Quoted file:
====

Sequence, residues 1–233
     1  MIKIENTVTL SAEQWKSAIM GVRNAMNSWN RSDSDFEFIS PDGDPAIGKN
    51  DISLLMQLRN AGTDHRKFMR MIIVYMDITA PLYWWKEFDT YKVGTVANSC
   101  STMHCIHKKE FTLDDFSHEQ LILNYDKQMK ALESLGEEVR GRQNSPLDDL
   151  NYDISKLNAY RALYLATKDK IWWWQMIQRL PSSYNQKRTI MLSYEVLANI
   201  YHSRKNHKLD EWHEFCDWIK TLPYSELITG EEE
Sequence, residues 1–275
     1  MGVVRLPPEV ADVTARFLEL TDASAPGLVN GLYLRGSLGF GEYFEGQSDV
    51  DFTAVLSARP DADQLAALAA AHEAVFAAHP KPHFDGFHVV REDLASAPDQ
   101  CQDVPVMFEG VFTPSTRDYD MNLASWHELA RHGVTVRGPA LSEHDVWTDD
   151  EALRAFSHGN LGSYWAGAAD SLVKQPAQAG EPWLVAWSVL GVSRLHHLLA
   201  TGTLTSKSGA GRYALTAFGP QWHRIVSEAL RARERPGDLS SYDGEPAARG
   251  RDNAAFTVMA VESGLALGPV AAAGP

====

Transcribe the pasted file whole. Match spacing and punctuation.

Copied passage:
Sequence, residues 1–233
     1  MIKIENTVTL SAEQWKSAIM GVRNAMNSWN RSDSDFEFIS PDGDPAIGKN
    51  DISLLMQLRN AGTDHRKFMR MIIVYMDITA PLYWWKEFDT YKVGTVANSC
   101  STMHCIHKKE FTLDDFSHEQ LILNYDKQMK ALESLGEEVR GRQNSPLDDL
   151  NYDISKLNAY RALYLATKDK IWWWQMIQRL PSSYNQKRTI MLSYEVLANI
   201  YHSRKNHKLD EWHEFCDWIK TLPYSELITG EEE
Sequence, residues 1–275
     1  MGVVRLPPEV ADVTARFLEL TDASAPGLVN GLYLRGSLGF GEYFEGQSDV
    51  DFTAVLSARP DADQLAALAA AHEAVFAAHP KPHFDGFHVV REDLASAPDQ
   101  CQDVPVMFEG VFTPSTRDYD MNLASWHELA RHGVTVRGPA LSEHDVWTDD
   151  EALRAFSHGN LGSYWAGAAD SLVKQPAQAG EPWLVAWSVL GVSRLHHLLA
   201  TGTLTSKSGA GRYALTAFGP QWHRIVSEAL RARERPGDLS SYDGEPAARG
   251  RDNAAFTVMA VESGLALGPV AAAGP